The Berenstain Bears franchise has been around since the 1960s, so why do some people think that it is actually called The Berenstein Bears?
It is a common mistake to think that the children’s book series The Berenstain Bears was called The Berenstein Bears, which has created a surprising amount of controversy over the years. It’s often used to demonstrate the Mandela Effect – a phenomenon in which large groups of the population misremember a historical fact, prompting theories about alternate realities. The misconceptions about the name of The Berenstain Bears have become widespread, caused heated debates both on and offline, and been referenced multiple times in popular media, even getting a mention in John Cena’s Peacemaker. The confusion surrounding the name of the popular children’s series has spawned a range of wild theories, but there is a genuine explanation.
The Berenstain Bears franchise was first established when Stan and Jan Berenstain published The Big Honey Hunt in 1962. The husband-and-wife team continued to write and illustrate the book series for several decades. Since their deaths their son, Mike Berenstain, has taken over the production of new books. There are now hundreds of The Berenstain Bears books that teach lessons to young children and the books have been adapted into two different TV series, first in 1985, then again in 2003.
While the beloved children’s book series has always been called The Berenstain Bears, some people will still insist that it is spelled “Berenstein.” Mike Berenstain explained in an interview (via National Post) that the misspelling of his father’s name had plagued Stan since elementary school when a teacher informed him his name was spelled wrong and insisted on changing it to “Berenstein.” As the “-stein” suffix on names is more common, many people have simply assumed that is what the name should be. The confusion has been added to over the years as knock-off versions of some of the books have used the “Berenstein” spelling of the name, but it was definitely always The Berenstain Bears and the series draws its name and spelling directly from the authors who wrote it.
The Mandela Effect Might Not Be The Real Reason You Say “Berenstein”
The Mandela Effect is intriguing, but there is more to explain why so many people get the spelling of The Berenstain Bears’ name wrong. The two official TV adaptation series used a pronunciation of “Berenstain” that could easily be misinterpreted to be “Berenstein.” Therefore, plenty of people who grew up with the cartoons as children might have repeatedly heard “Berenstein” and never been corrected, therefore still call The Berenstain Bears by the wrong name.
The controversy surrounding The Berenstain Bears’ name has been regularly cited as an example of the “Mandela Effect,” named after the idea that many people specifically remember South African President Nelson Mandela passing away in prison, while the public record has him surviving for many years longer. While some people suggest supernatural forces or conspiracy theories are at work, the Mandela Effect can be largely attributed to a series of social circumstances leading to the creation of a false memory, often in combination with false news reports or misleading/fake photos and images.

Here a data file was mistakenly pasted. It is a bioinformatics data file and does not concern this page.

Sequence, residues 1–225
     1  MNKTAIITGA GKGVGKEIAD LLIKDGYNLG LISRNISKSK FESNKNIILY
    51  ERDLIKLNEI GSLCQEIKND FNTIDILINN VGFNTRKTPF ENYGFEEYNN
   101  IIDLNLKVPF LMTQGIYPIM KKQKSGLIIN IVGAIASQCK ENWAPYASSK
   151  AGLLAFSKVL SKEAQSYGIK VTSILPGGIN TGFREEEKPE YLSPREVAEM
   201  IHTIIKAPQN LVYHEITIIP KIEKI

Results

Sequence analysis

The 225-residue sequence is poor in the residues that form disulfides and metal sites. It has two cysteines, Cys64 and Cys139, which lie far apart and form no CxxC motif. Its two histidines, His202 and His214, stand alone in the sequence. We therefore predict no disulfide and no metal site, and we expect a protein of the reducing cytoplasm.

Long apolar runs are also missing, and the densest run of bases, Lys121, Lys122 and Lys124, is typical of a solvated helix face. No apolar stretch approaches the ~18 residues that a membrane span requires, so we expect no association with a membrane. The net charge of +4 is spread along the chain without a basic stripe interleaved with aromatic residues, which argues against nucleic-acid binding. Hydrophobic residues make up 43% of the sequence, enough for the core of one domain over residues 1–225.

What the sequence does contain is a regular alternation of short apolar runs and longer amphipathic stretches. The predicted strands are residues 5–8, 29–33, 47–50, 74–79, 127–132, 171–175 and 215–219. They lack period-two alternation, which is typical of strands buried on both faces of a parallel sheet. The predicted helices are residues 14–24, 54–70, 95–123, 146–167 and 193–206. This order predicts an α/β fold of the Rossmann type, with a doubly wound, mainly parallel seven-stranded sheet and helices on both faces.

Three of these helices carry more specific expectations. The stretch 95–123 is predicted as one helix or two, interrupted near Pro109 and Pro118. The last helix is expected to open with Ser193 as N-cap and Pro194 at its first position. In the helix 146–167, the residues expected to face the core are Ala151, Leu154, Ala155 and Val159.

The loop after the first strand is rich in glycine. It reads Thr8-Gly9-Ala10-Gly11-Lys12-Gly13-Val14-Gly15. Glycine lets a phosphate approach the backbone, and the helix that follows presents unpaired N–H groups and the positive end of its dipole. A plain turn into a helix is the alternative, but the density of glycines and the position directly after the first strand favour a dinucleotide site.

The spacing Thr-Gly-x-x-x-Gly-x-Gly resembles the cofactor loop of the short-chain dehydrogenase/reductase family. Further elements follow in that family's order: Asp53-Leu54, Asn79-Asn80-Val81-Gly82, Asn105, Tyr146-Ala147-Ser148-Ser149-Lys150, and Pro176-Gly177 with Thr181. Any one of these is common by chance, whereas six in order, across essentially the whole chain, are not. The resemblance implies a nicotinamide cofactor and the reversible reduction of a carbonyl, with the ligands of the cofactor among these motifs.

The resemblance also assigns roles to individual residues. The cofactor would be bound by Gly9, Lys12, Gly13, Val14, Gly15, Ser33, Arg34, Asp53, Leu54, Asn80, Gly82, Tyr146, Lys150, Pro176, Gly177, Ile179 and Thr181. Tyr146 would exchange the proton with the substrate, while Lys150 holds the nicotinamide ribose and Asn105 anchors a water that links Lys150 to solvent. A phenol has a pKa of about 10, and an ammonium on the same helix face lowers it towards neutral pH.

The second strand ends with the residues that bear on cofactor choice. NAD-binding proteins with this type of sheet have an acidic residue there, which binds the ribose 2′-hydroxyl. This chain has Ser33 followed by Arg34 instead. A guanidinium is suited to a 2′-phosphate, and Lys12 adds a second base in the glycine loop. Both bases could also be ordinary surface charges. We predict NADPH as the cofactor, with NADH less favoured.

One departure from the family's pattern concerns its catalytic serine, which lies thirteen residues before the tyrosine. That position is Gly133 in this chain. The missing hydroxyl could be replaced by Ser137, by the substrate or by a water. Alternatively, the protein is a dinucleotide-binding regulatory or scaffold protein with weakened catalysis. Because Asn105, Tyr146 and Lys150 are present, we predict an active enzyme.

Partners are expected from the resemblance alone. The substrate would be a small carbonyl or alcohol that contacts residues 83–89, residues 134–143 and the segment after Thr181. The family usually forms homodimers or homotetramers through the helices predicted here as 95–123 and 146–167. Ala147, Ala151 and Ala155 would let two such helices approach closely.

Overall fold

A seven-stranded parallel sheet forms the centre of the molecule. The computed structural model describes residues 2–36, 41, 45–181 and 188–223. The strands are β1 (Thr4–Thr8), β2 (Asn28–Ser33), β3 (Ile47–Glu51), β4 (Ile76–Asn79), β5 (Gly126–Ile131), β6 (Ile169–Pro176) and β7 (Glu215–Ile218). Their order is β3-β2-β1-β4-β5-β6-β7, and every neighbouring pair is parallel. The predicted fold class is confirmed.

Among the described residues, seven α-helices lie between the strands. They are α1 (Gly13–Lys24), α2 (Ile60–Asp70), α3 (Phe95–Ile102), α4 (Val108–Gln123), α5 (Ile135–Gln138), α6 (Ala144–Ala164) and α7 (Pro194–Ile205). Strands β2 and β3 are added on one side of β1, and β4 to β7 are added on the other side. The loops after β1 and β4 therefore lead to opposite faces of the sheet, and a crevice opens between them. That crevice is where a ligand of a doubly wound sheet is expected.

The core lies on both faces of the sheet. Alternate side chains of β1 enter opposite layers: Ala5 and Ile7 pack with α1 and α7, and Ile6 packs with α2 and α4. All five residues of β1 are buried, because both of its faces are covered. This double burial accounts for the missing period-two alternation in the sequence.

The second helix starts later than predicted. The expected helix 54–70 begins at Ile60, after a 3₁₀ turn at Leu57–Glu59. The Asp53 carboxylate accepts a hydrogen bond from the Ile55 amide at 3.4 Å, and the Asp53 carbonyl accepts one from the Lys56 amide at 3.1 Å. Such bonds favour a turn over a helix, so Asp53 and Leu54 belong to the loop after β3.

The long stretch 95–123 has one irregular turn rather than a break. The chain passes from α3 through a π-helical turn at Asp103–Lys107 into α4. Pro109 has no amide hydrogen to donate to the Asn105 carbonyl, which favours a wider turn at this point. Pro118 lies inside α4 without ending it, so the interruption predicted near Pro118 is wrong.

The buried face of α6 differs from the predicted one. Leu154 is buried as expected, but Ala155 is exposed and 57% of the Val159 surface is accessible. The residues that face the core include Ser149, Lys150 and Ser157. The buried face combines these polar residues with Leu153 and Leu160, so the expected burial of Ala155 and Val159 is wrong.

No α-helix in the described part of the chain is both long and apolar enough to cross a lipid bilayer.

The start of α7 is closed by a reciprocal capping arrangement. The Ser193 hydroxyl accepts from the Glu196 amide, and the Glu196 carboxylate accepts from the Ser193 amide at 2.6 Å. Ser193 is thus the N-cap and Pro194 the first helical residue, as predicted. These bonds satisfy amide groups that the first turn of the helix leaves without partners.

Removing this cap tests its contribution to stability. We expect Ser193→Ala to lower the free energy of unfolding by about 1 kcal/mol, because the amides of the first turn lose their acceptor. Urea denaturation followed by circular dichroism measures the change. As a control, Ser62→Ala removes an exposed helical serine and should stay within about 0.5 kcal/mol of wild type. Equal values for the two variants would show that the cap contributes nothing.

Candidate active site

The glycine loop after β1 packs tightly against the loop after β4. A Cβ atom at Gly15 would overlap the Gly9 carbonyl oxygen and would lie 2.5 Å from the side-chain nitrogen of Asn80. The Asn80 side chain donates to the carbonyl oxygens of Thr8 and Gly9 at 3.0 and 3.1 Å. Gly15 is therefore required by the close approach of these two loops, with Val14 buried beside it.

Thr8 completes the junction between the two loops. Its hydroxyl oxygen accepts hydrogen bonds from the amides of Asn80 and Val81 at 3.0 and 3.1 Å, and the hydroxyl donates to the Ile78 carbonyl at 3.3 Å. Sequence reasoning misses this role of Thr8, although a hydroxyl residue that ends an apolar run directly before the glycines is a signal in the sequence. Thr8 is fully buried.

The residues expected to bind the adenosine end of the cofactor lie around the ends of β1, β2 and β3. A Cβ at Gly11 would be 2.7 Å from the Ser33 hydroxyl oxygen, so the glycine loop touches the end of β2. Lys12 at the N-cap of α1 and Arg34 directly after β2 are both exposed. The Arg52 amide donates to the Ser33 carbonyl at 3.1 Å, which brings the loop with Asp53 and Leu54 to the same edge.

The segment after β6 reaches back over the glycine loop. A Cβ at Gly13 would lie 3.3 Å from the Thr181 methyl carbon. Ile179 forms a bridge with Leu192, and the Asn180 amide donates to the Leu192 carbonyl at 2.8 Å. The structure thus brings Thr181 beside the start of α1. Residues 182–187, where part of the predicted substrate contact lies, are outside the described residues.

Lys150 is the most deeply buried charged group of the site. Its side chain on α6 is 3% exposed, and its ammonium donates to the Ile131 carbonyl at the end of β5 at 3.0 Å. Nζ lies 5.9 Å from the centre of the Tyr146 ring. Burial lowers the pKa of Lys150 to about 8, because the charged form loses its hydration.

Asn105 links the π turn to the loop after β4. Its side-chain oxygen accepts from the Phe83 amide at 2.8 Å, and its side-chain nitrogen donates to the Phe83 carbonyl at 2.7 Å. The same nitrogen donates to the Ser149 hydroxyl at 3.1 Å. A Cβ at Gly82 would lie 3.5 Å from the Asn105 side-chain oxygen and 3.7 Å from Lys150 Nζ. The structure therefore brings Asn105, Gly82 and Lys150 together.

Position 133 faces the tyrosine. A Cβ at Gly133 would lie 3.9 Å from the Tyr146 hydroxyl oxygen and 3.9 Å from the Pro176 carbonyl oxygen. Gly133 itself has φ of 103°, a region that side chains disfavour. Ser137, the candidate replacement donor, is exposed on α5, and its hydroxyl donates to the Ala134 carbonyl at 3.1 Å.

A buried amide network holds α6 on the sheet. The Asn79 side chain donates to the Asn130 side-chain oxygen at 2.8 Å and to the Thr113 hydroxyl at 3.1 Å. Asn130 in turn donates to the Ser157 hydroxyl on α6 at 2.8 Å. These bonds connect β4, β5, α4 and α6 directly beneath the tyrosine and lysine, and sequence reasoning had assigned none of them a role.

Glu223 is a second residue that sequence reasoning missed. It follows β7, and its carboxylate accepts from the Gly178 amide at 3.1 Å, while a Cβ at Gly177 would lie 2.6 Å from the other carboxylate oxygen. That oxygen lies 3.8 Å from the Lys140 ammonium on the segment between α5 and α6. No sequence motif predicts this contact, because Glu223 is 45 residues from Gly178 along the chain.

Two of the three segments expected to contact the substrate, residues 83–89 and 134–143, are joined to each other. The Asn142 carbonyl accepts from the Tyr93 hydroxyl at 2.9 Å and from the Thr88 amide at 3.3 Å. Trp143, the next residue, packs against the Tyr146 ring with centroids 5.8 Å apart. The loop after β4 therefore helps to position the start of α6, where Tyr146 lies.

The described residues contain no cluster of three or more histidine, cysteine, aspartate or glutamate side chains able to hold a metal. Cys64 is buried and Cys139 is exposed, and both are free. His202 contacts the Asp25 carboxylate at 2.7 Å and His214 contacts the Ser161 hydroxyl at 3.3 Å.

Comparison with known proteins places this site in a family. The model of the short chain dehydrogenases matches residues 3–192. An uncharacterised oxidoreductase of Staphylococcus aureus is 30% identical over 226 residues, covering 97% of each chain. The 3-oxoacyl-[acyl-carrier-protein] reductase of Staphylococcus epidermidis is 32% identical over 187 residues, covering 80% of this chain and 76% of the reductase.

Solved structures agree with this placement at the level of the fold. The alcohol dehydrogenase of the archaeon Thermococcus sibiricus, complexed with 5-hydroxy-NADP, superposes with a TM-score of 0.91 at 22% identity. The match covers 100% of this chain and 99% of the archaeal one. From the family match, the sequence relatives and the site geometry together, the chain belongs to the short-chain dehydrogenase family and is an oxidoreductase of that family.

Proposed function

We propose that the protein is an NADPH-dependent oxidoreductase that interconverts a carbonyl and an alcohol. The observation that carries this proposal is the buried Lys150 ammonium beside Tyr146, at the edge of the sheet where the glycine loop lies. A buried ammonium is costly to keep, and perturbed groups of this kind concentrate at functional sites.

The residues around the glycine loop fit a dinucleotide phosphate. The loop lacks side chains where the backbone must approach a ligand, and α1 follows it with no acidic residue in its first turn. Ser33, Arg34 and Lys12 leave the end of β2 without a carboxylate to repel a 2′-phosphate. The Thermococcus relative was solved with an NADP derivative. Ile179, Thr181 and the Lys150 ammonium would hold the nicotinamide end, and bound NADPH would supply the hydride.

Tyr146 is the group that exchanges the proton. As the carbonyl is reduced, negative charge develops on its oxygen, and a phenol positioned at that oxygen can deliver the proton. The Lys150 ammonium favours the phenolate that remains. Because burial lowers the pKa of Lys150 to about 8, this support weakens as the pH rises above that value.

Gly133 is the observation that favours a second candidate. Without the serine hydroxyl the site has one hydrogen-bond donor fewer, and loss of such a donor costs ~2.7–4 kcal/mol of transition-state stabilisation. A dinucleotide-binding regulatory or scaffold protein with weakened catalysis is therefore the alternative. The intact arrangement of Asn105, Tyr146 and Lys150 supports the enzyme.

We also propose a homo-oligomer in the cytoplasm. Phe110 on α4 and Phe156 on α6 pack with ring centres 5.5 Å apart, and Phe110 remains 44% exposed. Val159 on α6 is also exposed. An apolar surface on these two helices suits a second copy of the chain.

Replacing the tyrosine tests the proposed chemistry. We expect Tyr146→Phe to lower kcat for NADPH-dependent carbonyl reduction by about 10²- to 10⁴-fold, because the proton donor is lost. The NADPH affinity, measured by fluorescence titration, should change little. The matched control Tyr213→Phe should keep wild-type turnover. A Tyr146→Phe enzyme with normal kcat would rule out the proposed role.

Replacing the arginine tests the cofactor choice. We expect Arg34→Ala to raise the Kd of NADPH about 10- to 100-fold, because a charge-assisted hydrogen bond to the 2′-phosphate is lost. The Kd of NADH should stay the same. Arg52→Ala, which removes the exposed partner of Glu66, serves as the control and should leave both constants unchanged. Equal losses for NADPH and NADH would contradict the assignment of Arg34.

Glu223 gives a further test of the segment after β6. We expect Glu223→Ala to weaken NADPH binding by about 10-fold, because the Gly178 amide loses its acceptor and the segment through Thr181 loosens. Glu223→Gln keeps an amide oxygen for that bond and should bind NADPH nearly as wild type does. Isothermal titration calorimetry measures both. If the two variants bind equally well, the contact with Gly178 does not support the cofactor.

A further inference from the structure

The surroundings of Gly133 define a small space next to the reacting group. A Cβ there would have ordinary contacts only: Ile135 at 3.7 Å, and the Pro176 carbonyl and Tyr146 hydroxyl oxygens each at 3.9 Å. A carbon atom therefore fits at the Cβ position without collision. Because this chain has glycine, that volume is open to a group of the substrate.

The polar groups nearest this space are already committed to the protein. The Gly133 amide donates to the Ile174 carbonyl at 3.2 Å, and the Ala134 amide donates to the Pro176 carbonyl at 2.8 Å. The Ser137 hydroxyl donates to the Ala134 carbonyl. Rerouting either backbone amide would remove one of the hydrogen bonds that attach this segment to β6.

What Else Has The Mandela Effect “Changed” In Movies And TV
The popular belief that the correct spelling of the Bears’ last name was “Berenstein,” not “Berenstain,” is one of the most prevalent examples of the Mandela Effect at work in the movie world. Another example is the certainty many people share that a movie called Shazaam existed in the 1990s starring Sinbad as a genie, despite the fact that no such movie ever existed.
There are countless other cases, too, which largely surround the slight misquoting of iconic lines. For instance, Darth Vader never says “Luke, I am your father” in Star Wars: Episode V. Rather, he corrects Luke’s claim that he killed his father by saying “No, I am your father.” (Another common Star Wars-related Mandela Effect is the notion that nobody seems to remember C-3PO’s one silver leg). Brody’s recognizable line from Jaws, “We’re going to need a bigger boat” actually begins with “you’re,” as he’s really cracking wise about Quint’s little vessel.
And, perhaps most shockingly, Dorothy doesn’t say “I don’t think we’re in Kansas anymore” in The Wizard of Oz. She really says “I’ve a feeling we’re not in Kansas anymore,” but it’s likely that most people’s brains alter this wording to feel a bit more natural in contemporary grammar. However the Mandela Effect comes to be, it’s likely that people will still be misspelling The Berenstain Bears for a long time.
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